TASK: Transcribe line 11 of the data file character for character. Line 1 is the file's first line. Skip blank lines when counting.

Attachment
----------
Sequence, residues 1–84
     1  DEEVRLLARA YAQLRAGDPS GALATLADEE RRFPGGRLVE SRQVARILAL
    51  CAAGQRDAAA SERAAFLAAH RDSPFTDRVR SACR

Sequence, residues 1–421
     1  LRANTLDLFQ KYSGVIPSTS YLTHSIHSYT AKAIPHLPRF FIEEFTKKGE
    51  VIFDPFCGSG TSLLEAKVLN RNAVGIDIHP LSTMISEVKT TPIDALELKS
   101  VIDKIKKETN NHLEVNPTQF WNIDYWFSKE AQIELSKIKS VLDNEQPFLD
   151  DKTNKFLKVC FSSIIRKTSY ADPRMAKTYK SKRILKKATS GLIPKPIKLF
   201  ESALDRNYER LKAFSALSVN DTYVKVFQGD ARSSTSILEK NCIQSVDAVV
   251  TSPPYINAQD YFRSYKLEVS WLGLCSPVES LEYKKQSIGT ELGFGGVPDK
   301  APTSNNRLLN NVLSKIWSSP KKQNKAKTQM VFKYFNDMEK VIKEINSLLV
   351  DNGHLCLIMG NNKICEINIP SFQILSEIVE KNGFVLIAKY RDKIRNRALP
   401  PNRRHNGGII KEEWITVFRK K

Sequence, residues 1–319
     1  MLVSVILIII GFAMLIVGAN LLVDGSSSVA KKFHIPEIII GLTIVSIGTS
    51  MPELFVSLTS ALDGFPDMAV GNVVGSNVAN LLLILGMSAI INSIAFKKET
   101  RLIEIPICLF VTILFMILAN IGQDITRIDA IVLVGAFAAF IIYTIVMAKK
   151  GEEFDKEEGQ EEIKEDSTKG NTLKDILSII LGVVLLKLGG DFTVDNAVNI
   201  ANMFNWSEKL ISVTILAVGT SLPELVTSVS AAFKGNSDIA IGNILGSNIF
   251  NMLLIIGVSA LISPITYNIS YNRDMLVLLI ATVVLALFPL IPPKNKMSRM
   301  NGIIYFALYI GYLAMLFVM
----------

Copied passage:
   301  APTSNNRLLN NVLSKIWSSP KKQNKAKTQM VFKYFNDMEK VIKEINSLLV